A helicopter making a water drop at the Blue Cut wildfire in Phelan, Calif., last week. (Jonathan Alcorn/Agence France-Presse via Getty Images)

Tom Steyer is founder of the advocacy group NextGen Climate.

July was the hottest month in recorded history, by a lot, and August isn’t looking any better.  So how do we interpret that? What does it mean?

I’m no scientist. In my 30 years as a businessperson, though, I’ve learned that the best decisions require looking at all of the available data and trends. You seldom have the complete analysis that a scientist would require — events unfold quickly.

Instead, businesspeople often must make decisions on the basis of imperfect information. A responsible chief executive knows two things: that a decision not to act is a decision, and that no competent leader risks the health of the entire enterprise by failing to take necessary steps, even ones that are painful.

So it is with global climate change, which may be happening faster than scientists previously predicted. Monthly global average temperatures have set records in each of the past 15 months . The concomitant climate events have been extreme: from wildfires burning in California to floods in Baton Rouge after rainfall of historic proportions to neurotoxic algae blooms choking Florida beaches. Even the beloved moose of New Hampshire have been decimated by ticks that thrive in a warmer world.

It’s possible that these changes from typical outcomes may just constitute “noise” rather than reliable signals of accelerated change. But if the climate data continues to diverge from expectations, scientists eventually must revise their models to reflect real world figures.

In fact, such a reassessment is already happening. Scientists are examining the complex interactions of several dozen variables to better understand the dynamic relationship between the oceans and the atmosphere. As scientists, they don’t put much stock in early drafts. They rightly insist on rigorous analysis.

If the new analyses imply an unpredictable and riskier world, that will necessitate a more urgent, and more difficult, response. Based on initial data, it now appears possible that the climate will warm by 2 degrees Celsius over pre-industrial levels — an amount of warming that scientists consider the danger zone — not by 2050, as once predicted, but years earlier. If further analysis supports this conclusion, this would be an enormous, and scary, change.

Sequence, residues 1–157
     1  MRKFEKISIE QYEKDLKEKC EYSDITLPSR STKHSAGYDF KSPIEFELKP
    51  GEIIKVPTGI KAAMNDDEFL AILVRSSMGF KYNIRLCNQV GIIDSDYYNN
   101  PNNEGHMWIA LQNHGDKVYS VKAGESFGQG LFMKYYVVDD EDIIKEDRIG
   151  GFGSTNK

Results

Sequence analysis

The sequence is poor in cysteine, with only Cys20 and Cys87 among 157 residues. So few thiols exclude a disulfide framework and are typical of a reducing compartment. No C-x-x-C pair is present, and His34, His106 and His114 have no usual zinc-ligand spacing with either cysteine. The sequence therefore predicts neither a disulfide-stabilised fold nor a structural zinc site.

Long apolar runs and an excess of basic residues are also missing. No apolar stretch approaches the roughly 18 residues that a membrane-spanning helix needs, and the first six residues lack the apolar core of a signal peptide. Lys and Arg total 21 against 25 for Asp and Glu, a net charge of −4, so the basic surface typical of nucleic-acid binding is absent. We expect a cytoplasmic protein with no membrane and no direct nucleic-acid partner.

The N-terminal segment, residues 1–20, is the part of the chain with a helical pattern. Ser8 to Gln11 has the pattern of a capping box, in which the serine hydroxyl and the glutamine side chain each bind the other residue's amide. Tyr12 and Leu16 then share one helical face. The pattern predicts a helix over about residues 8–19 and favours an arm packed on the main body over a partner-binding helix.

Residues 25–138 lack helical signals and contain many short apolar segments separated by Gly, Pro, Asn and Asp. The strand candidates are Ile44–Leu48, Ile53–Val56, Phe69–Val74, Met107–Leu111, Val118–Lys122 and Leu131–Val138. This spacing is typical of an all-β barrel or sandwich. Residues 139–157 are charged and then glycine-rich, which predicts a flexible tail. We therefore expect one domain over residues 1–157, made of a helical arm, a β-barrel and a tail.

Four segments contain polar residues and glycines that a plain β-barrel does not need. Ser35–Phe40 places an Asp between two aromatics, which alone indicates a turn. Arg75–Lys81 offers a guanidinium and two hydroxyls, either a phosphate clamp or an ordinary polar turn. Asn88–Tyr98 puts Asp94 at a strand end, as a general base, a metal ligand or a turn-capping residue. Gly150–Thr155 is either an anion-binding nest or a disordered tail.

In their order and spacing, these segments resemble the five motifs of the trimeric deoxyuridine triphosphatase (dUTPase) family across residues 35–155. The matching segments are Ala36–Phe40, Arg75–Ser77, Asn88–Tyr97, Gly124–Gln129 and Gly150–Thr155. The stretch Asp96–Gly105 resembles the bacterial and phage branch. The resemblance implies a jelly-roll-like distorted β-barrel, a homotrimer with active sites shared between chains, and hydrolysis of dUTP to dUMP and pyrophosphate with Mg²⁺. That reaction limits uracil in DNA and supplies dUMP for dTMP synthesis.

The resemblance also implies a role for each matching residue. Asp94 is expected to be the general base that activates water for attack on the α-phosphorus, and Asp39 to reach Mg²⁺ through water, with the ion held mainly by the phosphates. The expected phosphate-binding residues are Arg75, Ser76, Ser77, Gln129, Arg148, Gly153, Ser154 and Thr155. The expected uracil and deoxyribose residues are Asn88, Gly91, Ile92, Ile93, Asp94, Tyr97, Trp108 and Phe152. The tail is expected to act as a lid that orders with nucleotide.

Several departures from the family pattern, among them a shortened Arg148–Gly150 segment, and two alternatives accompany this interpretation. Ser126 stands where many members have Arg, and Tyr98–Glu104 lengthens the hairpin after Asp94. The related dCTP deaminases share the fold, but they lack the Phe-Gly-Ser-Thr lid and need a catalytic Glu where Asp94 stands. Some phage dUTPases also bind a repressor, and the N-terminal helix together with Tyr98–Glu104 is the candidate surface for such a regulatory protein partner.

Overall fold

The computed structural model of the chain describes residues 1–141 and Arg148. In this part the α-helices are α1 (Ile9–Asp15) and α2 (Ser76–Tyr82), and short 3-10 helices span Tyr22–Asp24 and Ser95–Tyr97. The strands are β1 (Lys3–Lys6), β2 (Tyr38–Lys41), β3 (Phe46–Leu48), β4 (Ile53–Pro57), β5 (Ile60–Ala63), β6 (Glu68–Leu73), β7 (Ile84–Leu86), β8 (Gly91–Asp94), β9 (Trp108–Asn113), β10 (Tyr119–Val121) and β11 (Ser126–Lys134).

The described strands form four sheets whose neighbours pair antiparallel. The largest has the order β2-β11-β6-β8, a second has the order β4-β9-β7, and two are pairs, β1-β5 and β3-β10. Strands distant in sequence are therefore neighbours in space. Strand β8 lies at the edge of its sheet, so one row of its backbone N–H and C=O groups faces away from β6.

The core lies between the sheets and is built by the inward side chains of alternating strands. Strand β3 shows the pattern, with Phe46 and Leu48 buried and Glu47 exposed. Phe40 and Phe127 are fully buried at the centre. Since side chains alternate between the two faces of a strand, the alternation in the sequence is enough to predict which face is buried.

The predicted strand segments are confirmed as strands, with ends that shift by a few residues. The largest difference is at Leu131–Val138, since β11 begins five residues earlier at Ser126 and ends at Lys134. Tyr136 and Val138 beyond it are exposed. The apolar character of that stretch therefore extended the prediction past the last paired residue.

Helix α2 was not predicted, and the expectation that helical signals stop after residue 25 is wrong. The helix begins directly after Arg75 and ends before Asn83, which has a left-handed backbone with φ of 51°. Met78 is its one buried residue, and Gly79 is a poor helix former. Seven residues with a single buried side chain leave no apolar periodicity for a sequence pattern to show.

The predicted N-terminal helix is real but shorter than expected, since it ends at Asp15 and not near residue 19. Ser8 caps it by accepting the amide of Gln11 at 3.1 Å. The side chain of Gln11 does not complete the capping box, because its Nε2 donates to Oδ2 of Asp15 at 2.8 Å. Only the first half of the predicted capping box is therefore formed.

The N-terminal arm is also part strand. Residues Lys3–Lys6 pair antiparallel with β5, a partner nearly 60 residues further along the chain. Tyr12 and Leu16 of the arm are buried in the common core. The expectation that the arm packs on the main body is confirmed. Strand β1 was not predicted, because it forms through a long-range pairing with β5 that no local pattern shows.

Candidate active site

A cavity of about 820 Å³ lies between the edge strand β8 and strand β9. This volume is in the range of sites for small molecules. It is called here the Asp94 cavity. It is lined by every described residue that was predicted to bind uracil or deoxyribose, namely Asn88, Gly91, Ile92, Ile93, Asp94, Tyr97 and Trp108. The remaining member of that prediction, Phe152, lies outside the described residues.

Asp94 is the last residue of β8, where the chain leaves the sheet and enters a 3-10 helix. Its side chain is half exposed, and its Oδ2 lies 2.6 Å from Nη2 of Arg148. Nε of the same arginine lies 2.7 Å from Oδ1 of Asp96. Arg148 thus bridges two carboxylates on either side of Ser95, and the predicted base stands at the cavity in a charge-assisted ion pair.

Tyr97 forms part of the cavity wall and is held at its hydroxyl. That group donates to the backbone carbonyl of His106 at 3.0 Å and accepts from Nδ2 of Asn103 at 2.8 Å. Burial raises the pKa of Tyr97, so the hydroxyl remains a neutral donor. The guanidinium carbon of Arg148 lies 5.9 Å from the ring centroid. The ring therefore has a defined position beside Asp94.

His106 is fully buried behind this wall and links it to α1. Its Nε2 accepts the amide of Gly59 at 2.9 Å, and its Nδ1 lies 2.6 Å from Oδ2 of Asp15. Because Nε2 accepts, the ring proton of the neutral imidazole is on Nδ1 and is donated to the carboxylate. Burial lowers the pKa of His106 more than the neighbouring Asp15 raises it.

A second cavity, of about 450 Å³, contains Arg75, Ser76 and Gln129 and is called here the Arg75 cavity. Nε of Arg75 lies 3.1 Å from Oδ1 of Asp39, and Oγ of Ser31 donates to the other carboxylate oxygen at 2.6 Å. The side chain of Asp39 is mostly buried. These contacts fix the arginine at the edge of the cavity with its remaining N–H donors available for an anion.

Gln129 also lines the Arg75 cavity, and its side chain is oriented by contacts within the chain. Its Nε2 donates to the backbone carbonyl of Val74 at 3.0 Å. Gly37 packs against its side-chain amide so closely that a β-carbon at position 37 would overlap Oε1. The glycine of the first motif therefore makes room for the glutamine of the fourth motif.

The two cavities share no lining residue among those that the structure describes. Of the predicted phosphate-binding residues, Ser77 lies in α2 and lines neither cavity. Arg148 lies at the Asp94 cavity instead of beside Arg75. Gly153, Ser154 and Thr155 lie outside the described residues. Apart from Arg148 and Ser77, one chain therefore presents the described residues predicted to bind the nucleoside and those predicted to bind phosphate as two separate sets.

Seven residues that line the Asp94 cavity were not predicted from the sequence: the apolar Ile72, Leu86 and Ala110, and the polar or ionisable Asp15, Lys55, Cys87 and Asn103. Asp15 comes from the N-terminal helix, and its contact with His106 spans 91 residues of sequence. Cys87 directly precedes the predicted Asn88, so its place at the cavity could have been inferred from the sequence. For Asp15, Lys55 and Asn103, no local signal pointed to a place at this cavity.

If we have as much time to act as we are currently assuming, then we can simply replace amortized equipment with new, clean-energy systems. Even in that scenario, any new fossil-fuel investment must be avoided, because it exacerbates emissions and delays solutions. Yet the disruption to our economy could be minimized, and the whole process should increase growth and reduce costs.

But if scientists start to project a dramatically shorter timeline for the impacts of climate change, any comfortable replacement scenario becomes something much more daunting. If we don’t have the decades needed for the vast bulk of our productive capacity to be replaced in the normal course, we would need to replace assets that had not reached the end of their usable lives — and that would affect industries beyond purely oil and gas.

Regardless of the scientific projections, we cannot afford to repeat the painfully slow and politically motivated dance of the past 10 years. As new data and analysis become available over the next year or so, we must be prepared to act decisively even though the cautious critics will want to wait for more definitive information. We will never have 100 percent certainty, except in hindsight. 

Over the past decade, the United States has struggled with how best to respond to our climate issues. But in terms of public sentiment, business priorities and technological innovation, we’ve made enormous progress. President Obama deserves great credit for his leadership, and the 2016 Democratic Party platform reflects real climate awareness.

Going forward, we will need all our expertise — scientific, business and political — to ensure that we respond sufficiently and in a way that promotes prosperity for everyone. We cannot allow our political divisions to be our undoing.

Even cautious scientists are debating whether the previously accepted climate timelines are overly conservative. Meanwhile, Mother Nature has a timeline of her own. And she calls the tune.

The writer is founder of the advocacy group NextGen Climate.